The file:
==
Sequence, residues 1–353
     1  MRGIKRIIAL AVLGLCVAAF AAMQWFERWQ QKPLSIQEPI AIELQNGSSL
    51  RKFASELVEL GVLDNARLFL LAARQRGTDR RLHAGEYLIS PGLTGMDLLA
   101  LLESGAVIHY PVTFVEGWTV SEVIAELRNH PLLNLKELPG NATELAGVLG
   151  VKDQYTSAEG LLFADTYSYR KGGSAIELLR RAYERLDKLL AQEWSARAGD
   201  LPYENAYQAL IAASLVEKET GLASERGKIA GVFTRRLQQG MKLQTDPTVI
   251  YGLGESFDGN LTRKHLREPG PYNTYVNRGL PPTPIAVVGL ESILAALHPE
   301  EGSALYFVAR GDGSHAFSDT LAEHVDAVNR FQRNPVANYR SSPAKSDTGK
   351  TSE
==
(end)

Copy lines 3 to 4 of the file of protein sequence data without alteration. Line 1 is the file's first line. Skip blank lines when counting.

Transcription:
    51  RKFASELVEL GVLDNARLFL LAARQRGTDR RLHAGEYLIS PGLTGMDLLA
   101  LLESGAVIHY PVTFVEGWTV SEVIAELRNH PLLNLKELPG NATELAGVLG